Case Paul Foster - The True and Invisible Rosicrucian Order


Author : Case Paul Foster
Title : The True and Invisible Rosicrucian Order
Year : 1933

Link download : Case_Paul_Foster_-_The_True_and_Invisible_Rosicrucian_Order.zip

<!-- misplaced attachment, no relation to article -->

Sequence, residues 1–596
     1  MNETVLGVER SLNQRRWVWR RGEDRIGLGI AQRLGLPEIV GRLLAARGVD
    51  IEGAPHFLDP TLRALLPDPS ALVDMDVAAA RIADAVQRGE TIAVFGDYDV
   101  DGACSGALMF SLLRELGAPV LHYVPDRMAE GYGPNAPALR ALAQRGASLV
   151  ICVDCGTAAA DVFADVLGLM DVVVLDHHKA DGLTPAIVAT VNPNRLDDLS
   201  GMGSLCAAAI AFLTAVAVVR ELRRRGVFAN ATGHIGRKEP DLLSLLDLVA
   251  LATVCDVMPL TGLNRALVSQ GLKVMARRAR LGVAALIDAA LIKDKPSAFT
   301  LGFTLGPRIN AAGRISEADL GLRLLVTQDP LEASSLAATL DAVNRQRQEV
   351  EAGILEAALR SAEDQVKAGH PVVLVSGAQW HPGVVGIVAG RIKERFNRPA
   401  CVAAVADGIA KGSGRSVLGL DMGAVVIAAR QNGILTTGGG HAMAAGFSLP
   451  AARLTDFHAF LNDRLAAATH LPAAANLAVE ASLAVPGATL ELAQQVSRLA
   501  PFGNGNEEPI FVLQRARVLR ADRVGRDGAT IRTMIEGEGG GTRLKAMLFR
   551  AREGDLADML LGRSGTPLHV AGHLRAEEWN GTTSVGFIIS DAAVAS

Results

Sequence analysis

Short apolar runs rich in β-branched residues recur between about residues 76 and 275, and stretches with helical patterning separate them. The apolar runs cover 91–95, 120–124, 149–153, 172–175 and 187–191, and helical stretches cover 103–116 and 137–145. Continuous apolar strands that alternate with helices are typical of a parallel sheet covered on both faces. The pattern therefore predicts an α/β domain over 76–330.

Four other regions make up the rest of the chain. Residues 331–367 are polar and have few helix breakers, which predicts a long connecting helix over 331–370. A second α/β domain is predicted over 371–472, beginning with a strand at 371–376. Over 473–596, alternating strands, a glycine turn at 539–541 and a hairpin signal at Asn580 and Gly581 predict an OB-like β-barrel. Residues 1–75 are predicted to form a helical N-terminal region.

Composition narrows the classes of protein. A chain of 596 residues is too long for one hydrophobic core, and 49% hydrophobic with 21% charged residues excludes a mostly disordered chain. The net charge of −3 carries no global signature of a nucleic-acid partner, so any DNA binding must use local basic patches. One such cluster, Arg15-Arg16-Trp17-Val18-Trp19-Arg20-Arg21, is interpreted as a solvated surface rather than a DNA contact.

ROSICRUCIANISM CAME INTO public notice early in the seventeenth century. The initial Rosicrucian manifesto, Fama Fraternitatis, was first issued as a manuscript and circulated among German occultists about the year 1610. It elicited several responses prior to the publication of the first printed edition at Cassel in 1614. In 1615 there was another printing, this time at Frankfurt-am-Main, and the same year and place seem to have seen the appearance of the second manifesto, Confessio Fraternitatis. Dutch translations of both books came out in 1615, and by 1617 four editions of the German version had been published at Frankfurt. Others followed in the years immediately succeeding. The Fama and the Confessio tell the story of the Order and its mysterious Founder and set forth its principles and philosophy. These tiny volumes aroused great interest. Alchemists and Qabalists, magicians and astrologers, kept the German presses busy with letters and essays addressed to the mysterious Brothers. For six or seven years the Rosicrucian question engaged the minds and pens of European occultists. In 1616 was published another little book, The Chymical Marriage of Christian Rosenkreutz. To it may be traced the supposition that the Order was founded by a man named Christian Rosenkreutz or by one who adopted this name as a mystical title. Years later, the authorship of The Chymical Marriage was acknowledged by Johann Valentine Andreae, who said it was a revision of an alchemical romance he had written in his youth, long before the publication of the Fama and the Confessio. The style of this work is altogether different from that of the two manifestoes. Andreae seems to have revamped The Chymical Marriage in the hope of profiting by the excitement stirred up by the two manifestoes. He was interested in schemes for universal reformation and may have planned to establish a secret society of his own. Like many others of that period, he was familiar with the literature of alchemy, and his romance shows that he had more than a smattering of occult learning. Yet the assertion that Andreae founded Rosicrucianism has no support in fact. Arthur Edward Waite has dealt adequately with this question in his Brotherhood of the Rosy Cross.1 We share his conviction that Andreae had no part in the authorship of either the Fama or the Confessio. Toward the close of his life Andreae ridiculed Rosicrucianism, and he probably never understood its real objectives. His book, however, roused great interest and fixed in the uncritical occult mind the mistaken notion that the Order was founded by a man named Christian Rosenkreutz. Even this name has been transformed by the carelessness that seems to be characteristic of a certain type of professed occultist. So little do some who write glibly about Rosicrucianism know of its origins that one writer tells his Theosophical readers the Founder's name was Christian Rosencrans. In 1652 Thomas Vaughan edited and published an English translation of the two manifestoes. In his preface, Vaughan declares that the translation is the work of an "unknown hand," and says, "The copy was communicated to me by a gentleman more learned than myself." This version was reprinted by Arthur Edward Waite in his Real History of the Rosicrucians, published in 1887. The same version, duly accredited to Waite's history, was printed in a manual issued in 1927 for members of the Societas Rosicruciana in America. By 1937 the Rosicrucian Fellowship at Oceanside, California, made belated acknowledgment of the existence of the manifestoes in a series of magazine articles. Possibly these manifestoes also may have been included in the miscellany of things Rosicrucian and otherwise printed at Quakertown, Pennsylvania, by Dr. R. Swinburne Clymer. Dr. Clymer offers voluminous documentary evidence that he is Grand Master of the Rosicrucian Order established by Pascal Beverly Randolph in 1856. Such as it is, few will seek to dispute this claim, for Randolph's titles to serious consideration may be judged by his own words. In Eulis (edition of 1874, page 47) he writes: "Very nearly all which I have given as Rosicrucian originated in my own soul." Among various publications of the society designated by the initials AMORC, there was a pamphlet entitled Fama Fraternitatis, but it was a strictly modern production, having no connection with the original manifesto apart from the title. The Rosicrucian name flourishes because few persons who are attracted by the magic name and fame of the Order have any knowledge of the first published utterances of the Fraternity. Thus, it seems wise to reprint the English translation again. The manifestoes are short. Their anonymous authors needed but few words to say their say, but no person properly qualified to understand these little books could have mistaken their true purport. On the other hand, they were so written that, as they put it, they would not "move gross wits." Nor have they, from that day to this. Minds duly and truly prepared can grasp what is hidden behind their story of the Order, and to help serious students of occultism to such understanding is the purpose of our work. Our title is intended to intimate that the Fama and the Confessio were written by members of an actual fraternity that conceals itself from all who are incompetent to share its aims and participate in its work. This fraternity is not an organized society like the Freemasons. One may not join it by making application for membership, paying entrance fees and dues, and passing through ceremonies. The Rosicrucian Order is like the old definition of the city of Boston: it is a state of mind. One becomes a Rosicrucian: one does not join the Rosicrucians. The manifestoes make this clear, as will be shown hereafter. The Order is designated as being invisible by the manifestoes themselves. It does not come in corporate form before the world, because by its very nature it cannot. True Rosicrucians know one another, nevertheless. Their means of recognition cannot be counterfeited nor betrayed, for these tokens are more subtle than the signs and passwords of ordinary secret societies. Let none suppose that because the Rosicrucian Order is invisible it is composed of discarnate human intelligences. Neither are its members supermen inhabiting a region vaguely designated by the term "higher planes." The Order is invisible because it has no external organization. It is not composed of invisible beings. Its members are men and women incarnate on earth in physical bodies. They are invisible to ordinary eyes because the minds behind those eyes cannot recognize the marks of a true Rosicrucian. To say this is, of course, to repudiate any and all pretensions of societies claiming to be direct historical successors to the authors of the original Rosicrucian manifestoes. From what is written in the Fama and the Confessio, the only possible conclusion is that every claim to historical descent, every assertion that this or that association is "the original Order," must be judged invalid. Probably some of these pretensions are made in good faith. There is reason to believe that societies calling themselves Rosicrucian were organized shortly after the publication of the manifestoes, and it is possible that they have continued in some form to this day. ...